How extreme escapism has taught me to be more mindful with my resources

extreme escapism

About a month ago I started watching adventurer Ben Fogle’s documentaries on extreme escapism.

He shares the experience of living off the grid with those who have chosen to create homes in some of the world’s most isolated locations.

I enjoy the sense of adventure, the natural beauty and I am intrigued but what type of characters choose this way of life.

Most have chosen a life that is more meaningful, slower paced and more connected to the natural environment.

But one of the most intriguing things, that sparked a shift in my mindset, was how they manage their resources so mindfully and joyfully.

Living is their primary occupation and it fills them with a sense of flow, freedom and fulfilment.

They are resource keepers, carefully caring for their inner and outer resources to create a sustainable life.

Of course in some ways, this extremely remote way of living creates vulnerabilities for themselves and their children, but it also fuels them with strength, resilience and an immense sense of self-reliance.

It is definitely more challenging to be mindful about our resources when things are plentiful; food, water, money, sources of love from family, friends and luxuries.

You start to get used to a certain level of ‘stuff’ in your life and it is easy to take it for granted.

It made me think “How could I be more mindful with my resources without having to leave everything behind?”

My attempts to answer this questions has started a ‘wild in the city’ mindset in our household for a bit of fun and reflection on how we use our resources.

Here is a list of some of the changes we have made so far when we stop and think what would we do differently if we lived off the grid?

     * Turn off lights when we leave a room and don’t put them on unless they are needed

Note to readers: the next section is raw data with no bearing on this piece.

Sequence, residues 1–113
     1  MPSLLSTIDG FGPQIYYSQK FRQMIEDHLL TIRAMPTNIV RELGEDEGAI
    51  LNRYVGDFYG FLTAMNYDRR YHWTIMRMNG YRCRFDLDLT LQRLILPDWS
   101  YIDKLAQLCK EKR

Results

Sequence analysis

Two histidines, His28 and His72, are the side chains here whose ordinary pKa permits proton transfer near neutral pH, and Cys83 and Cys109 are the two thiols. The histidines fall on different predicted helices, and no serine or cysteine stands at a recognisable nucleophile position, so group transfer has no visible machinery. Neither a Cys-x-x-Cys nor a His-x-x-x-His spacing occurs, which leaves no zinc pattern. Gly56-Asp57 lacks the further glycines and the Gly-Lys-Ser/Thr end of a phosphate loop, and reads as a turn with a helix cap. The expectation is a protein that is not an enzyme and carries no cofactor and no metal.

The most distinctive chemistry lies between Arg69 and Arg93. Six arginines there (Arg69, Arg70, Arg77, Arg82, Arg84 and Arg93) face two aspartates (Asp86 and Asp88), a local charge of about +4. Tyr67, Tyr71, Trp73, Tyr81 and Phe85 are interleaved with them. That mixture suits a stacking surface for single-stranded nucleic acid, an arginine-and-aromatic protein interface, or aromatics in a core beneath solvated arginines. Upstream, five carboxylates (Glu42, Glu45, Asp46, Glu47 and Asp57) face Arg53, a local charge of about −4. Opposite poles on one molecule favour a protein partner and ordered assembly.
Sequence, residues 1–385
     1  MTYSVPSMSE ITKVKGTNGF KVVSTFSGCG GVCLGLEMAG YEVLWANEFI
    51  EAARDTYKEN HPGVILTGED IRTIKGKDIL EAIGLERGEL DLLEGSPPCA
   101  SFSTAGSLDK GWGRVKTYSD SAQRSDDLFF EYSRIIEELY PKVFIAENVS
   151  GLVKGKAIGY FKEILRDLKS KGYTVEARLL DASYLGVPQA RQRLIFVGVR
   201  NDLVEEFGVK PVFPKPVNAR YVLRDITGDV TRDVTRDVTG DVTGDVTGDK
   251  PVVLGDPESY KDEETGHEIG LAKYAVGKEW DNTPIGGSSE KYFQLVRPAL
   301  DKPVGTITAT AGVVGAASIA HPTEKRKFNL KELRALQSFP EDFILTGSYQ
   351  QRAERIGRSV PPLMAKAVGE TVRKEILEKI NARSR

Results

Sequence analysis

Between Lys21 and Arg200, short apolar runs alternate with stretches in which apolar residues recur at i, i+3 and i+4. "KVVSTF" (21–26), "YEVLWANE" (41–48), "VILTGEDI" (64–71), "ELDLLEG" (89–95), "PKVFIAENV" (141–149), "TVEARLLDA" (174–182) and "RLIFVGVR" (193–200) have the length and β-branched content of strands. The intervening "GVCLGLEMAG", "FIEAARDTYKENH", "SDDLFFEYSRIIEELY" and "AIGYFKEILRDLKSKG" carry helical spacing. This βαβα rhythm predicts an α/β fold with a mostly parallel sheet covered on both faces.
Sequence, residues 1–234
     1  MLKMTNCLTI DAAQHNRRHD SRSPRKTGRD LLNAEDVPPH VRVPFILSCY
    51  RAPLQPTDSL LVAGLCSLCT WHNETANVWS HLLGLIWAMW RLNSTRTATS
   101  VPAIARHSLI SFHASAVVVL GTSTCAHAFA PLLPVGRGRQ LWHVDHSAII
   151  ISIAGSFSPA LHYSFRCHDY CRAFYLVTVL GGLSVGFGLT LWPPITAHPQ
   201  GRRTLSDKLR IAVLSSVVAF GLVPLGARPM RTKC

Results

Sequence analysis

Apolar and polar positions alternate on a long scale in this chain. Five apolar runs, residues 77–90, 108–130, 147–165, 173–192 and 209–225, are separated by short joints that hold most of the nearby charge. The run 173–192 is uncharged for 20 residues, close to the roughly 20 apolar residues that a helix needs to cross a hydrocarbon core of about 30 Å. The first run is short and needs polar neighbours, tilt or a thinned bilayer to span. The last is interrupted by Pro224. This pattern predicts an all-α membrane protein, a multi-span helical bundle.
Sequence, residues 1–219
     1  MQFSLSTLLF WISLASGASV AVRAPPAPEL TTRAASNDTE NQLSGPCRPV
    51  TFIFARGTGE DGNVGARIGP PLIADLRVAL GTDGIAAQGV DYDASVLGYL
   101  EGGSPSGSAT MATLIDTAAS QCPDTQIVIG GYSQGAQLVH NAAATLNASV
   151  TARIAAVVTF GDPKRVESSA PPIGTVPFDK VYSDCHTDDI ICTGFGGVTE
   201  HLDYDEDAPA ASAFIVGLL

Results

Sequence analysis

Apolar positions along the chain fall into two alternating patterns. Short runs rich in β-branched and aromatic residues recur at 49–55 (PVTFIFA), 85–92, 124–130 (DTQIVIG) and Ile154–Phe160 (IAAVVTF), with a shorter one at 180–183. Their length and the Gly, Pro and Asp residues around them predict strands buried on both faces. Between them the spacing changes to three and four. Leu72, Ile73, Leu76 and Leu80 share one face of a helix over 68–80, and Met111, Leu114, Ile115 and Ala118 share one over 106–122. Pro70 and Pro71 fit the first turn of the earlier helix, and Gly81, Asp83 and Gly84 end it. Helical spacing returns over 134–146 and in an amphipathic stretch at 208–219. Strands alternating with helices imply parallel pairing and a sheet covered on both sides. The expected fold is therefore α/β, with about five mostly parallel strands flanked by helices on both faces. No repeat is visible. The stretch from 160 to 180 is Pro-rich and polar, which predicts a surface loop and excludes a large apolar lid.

* Food must be reused and portions reduced to reduce waste – porridge becomes pancakes, veggies sticks from the kid’s lunchboxes are added to soup and stir-fries, crusts on sandwiches are made into croutons for soup or added to mince when making hamburger patties. Every piece of food is considered before it is put in the bin.

     * Fix instead of buy – “What can I do with what I have?” we ask ourselves. Even when replacements are cheap they are still using unnecessary resources. The pleasure that comes from fixing and creating is something we lose when we get caught in the habit of buying new all the time.

     * Fuel your body with rest, fresh food, water and projects and activities you are passionate about.

When you are more mindful about your resources and use them consciously and not recklessly the people around you will notice (especially your kids).

By being careful with your inner (time, energy, body etc) and outer (money, house, car etc) resources doesn’t mean you need to be scared that they are going to vanish but it means that you value them and the responsible planning and management of their use.

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